What is now known as The Gettysburg Address was to dedicate a portion of the battlefield to “those who here gave their lives that that nation might live.” And he said, “It is altogether fitting and proper that we should do this.”
President Lincoln knew that no one living could truly accomplish that consecration. “…in a larger sense, we can not dedicate -- we can not consecrate -- we can not hallow -- this ground,” he said. “The brave men, living and dead, who struggled here, have consecrated it, far above our poor power to add or detract.”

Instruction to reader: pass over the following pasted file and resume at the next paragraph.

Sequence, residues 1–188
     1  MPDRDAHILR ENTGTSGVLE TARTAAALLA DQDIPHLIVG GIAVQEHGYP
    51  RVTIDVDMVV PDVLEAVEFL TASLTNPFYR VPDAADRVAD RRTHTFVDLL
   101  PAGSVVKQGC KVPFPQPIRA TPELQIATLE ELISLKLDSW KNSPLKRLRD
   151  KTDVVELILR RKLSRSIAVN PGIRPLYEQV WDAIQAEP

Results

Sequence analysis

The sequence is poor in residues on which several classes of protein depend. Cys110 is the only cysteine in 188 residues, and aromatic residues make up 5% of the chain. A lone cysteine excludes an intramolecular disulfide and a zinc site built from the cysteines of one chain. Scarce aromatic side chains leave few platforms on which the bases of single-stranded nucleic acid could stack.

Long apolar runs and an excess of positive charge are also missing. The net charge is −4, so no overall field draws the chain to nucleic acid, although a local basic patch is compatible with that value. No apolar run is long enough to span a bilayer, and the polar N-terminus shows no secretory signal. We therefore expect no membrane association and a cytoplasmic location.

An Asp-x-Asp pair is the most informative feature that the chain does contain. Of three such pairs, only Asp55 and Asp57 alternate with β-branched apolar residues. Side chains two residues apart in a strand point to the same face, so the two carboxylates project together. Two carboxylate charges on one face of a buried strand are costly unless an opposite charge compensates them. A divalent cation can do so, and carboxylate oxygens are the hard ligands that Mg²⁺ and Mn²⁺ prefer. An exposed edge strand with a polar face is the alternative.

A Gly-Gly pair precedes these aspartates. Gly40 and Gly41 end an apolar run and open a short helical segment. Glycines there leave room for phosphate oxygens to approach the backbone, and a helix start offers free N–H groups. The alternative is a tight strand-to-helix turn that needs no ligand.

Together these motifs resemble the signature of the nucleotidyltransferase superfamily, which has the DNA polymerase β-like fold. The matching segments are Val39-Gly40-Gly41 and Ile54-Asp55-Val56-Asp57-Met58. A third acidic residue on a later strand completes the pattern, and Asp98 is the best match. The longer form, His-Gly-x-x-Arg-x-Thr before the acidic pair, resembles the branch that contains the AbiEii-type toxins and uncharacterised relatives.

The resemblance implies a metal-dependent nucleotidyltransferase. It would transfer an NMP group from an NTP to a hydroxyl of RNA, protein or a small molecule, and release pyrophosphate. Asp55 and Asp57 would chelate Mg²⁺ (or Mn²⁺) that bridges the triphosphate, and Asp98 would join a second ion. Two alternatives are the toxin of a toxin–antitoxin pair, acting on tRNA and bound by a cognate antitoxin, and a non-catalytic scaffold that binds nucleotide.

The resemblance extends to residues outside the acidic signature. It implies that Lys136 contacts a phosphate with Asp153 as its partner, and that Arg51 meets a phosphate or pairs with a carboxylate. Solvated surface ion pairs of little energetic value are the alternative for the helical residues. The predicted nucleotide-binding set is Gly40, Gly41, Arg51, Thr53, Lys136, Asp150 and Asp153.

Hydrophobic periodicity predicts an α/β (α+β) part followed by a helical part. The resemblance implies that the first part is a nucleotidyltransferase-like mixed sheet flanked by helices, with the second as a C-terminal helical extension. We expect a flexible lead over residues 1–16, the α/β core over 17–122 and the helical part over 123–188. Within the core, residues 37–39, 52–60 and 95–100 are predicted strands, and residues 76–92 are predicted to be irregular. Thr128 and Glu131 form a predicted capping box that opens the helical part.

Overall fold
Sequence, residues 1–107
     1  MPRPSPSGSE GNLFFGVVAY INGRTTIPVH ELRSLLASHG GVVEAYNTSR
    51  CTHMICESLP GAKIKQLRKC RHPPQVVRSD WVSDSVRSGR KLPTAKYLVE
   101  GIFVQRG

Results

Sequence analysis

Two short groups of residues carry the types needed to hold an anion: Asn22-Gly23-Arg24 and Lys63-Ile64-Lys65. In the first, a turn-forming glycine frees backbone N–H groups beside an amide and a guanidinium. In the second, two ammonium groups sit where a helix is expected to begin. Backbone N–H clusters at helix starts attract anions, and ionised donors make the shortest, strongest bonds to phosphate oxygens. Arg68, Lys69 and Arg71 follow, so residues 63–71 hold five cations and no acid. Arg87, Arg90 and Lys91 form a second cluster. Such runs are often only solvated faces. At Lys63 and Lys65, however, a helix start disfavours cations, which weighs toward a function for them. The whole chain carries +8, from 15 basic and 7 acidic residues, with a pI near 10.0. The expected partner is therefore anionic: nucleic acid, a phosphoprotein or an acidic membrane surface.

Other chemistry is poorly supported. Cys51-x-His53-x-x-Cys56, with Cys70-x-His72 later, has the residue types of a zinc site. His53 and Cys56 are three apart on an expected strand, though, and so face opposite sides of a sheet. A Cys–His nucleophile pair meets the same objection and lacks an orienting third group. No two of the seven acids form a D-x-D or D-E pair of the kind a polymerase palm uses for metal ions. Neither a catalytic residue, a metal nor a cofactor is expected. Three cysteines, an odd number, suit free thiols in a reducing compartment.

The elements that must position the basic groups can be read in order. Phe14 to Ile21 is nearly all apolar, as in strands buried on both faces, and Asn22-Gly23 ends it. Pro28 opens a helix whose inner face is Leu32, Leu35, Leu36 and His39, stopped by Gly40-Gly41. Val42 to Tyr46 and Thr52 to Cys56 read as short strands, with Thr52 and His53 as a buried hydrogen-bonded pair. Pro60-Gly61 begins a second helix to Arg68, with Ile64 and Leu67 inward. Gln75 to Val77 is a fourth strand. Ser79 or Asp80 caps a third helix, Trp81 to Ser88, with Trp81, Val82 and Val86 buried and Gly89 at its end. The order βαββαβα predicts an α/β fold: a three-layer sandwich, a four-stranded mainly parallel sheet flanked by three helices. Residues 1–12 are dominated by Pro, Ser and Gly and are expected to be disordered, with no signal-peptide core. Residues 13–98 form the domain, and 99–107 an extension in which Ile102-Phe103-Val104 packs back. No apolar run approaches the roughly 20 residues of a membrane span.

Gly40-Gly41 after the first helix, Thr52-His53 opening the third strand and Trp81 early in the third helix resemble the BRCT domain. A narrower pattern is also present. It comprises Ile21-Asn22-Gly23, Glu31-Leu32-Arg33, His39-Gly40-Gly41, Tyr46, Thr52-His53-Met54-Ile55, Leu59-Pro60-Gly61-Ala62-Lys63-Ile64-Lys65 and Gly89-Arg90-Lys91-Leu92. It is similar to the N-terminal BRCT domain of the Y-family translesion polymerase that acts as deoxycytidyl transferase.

And then Lincoln uttered one of the most profound paragraphs of his entire Presidency: “The world will little note, nor long remember what we say here, but it can never forget what they did here. It is for us the living, rather, to be dedicated here to the unfinished work which they who fought here have thus far so nobly advanced.
“It is rather for us to be here dedicated to the great task remaining before us -- that from these honored dead we take increased devotion to that cause for which they gave the last full measure of devotion -- that we here highly resolve that these dead shall not have died in vain -- that this nation, under God, shall have a new birth of freedom -- and that government of the people, by the people, for the people, shall not perish from the earth.”
This Memorial Day we remember: All gave some…some gave all.